For instance, the use of leucine in combination with glutamine and arginine can bring about lean muscle mass gains in individuals with muscle wasting. A study published in The Journal of Parenteral and Enteral Nutrition showed that a mixture of leucine, glutamine, and arginine given in two divided doses each day led to an average weight gain of 5.6 pounds of lean muscle mass compared to an average weight loss of 1.5 pounds of lean mass for those taking the placebo. Study participants, all of whom had HIV and documented weight loss of at least 5% of body mass over the previous 3 months, were randomly assigned to receive the amino acid mixture or the placebo. The study authors tracked their body weights, lean body mass, and fat mass using air displacement plethysmography and computerized tomography (CT). After 8 weeks, the researchers found that supplementing with the amino acid blend could “markedly alter the course of lean tissue loss” as well as improve immune status.

Studies done with cancer patients and other populations found similar results in terms of muscle mass gains.

How to Treat Cachexia

Research supports the idea that the use of amino acids to treat cachexia should include a well-formulated blend of essential amino acids. This ensures the body has all the raw materials necessary to carry out muscle protein synthesis at the highest rate possible. Only a small amount of amino acids—say, a 3-gram dose—is needed to bring about this effect.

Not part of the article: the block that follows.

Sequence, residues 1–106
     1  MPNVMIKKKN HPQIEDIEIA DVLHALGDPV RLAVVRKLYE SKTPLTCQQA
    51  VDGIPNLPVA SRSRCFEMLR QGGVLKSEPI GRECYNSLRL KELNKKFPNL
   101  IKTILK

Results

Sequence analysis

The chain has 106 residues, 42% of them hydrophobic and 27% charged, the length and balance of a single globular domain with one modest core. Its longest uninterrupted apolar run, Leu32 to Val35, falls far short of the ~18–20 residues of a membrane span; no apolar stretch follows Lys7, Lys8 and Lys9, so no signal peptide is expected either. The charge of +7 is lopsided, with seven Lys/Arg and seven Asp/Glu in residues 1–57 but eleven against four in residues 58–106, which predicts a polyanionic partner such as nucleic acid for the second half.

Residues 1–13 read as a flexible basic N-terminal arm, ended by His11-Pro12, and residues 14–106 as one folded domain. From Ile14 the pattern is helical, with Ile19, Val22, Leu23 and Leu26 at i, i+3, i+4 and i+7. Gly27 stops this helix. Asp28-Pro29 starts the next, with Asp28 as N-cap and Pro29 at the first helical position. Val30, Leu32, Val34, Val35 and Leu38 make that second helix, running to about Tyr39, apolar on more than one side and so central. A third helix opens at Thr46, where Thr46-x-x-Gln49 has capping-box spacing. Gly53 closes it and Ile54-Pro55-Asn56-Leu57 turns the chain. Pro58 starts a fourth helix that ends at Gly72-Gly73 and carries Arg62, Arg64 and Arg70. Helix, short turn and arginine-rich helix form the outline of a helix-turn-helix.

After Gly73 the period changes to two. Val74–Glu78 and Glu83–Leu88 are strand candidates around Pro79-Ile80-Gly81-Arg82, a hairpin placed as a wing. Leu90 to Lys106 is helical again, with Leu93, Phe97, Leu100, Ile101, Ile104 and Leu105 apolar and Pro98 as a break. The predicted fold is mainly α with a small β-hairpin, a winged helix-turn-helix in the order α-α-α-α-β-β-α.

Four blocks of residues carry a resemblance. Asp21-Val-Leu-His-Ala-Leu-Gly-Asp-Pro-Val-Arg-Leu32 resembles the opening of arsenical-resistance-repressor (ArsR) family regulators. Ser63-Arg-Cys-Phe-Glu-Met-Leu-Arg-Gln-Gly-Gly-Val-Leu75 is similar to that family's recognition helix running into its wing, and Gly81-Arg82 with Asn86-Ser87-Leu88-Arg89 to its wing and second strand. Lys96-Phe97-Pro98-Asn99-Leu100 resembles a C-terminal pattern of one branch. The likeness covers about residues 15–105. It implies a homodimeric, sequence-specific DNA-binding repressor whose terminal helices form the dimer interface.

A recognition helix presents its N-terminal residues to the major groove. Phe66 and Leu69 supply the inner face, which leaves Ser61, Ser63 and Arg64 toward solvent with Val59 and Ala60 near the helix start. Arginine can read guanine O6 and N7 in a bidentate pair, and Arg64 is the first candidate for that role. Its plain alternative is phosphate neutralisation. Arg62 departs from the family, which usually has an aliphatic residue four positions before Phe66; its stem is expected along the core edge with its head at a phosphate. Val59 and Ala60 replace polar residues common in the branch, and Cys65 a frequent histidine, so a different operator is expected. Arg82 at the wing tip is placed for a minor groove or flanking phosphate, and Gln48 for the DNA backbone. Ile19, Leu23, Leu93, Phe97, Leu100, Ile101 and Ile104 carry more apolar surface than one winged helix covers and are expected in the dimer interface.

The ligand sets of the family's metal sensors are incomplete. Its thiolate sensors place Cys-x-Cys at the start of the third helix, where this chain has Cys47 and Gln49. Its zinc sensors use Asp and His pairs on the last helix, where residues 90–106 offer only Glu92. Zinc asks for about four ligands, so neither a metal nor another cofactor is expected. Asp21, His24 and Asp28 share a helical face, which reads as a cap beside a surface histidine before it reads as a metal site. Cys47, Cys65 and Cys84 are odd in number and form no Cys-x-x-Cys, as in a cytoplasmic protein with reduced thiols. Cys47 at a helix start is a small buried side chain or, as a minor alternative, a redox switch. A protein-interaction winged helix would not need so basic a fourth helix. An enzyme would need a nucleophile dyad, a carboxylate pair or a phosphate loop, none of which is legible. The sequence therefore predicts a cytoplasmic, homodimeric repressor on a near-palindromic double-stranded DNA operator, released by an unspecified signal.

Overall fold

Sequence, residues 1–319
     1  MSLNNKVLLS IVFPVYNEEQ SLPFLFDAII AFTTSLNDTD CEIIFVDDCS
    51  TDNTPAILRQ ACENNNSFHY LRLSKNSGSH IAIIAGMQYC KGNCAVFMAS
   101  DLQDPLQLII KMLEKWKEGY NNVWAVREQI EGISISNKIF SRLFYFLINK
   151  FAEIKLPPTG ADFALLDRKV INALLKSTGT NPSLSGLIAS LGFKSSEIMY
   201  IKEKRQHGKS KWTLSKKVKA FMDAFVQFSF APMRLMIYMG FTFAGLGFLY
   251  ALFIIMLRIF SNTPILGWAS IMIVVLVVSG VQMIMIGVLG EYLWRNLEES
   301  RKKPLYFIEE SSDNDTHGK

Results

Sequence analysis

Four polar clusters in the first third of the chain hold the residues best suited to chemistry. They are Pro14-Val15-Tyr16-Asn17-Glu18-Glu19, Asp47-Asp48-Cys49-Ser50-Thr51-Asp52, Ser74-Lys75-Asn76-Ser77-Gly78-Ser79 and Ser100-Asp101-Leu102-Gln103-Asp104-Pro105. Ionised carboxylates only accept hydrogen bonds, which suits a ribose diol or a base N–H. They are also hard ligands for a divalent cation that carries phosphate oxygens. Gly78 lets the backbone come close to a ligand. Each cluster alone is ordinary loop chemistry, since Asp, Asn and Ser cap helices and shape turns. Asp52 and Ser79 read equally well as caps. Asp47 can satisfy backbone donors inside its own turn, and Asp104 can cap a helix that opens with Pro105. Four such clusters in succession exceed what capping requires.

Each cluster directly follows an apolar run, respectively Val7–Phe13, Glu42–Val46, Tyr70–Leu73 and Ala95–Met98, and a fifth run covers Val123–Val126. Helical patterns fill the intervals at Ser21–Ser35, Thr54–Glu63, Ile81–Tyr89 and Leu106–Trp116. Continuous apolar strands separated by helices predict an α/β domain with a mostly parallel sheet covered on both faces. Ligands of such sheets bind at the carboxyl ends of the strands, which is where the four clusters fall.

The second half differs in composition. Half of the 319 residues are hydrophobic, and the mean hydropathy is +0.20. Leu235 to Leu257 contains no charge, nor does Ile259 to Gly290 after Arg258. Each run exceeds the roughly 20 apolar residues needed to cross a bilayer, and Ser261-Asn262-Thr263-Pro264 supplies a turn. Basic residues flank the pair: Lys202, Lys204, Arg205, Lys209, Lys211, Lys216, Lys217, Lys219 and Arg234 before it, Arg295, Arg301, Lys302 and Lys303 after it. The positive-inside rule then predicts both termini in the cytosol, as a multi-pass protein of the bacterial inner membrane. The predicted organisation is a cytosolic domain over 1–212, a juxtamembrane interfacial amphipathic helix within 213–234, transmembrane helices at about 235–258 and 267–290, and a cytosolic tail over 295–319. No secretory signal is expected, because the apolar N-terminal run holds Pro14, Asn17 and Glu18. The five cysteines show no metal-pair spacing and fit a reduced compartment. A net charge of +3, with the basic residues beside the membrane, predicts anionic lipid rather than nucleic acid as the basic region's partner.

Conclusion

Cachexia, a frequently irreversible side effect of many major illnesses, causes severe muscle wasting. The accompanying rapid loss of muscle mass can undermine a person’s overall health and even shorten their lifespan. Diagnosing cachexia is quite tricky, as symptoms such as temporal wasting overlap with those of the underlying conditions associated with it. Furthermore, it often accompanies the end stage of those diseases.

Cachexia is complex condition, and though it is intimately intertwined with the progression of the underlying disease, treating it requires a separate, multilevel approach. In addition to lifestyle-related shifts such as eating small, frequent meals, supplementing with amino acids has been shown to slow the rate of muscle mass loss as well as the fatigue caused by cachexia.

Author: Amino Research

Experts in amino acid research, the Amino research team works tirelessly to give you the most up-to-date amino acid and health information available. We’re dedicated to helping you transform your body and mind using the power of amino acids and wellness best practices that enhance quality of life and longevity.

Leave a Reply

Your email address will not be published. Required fields are marked *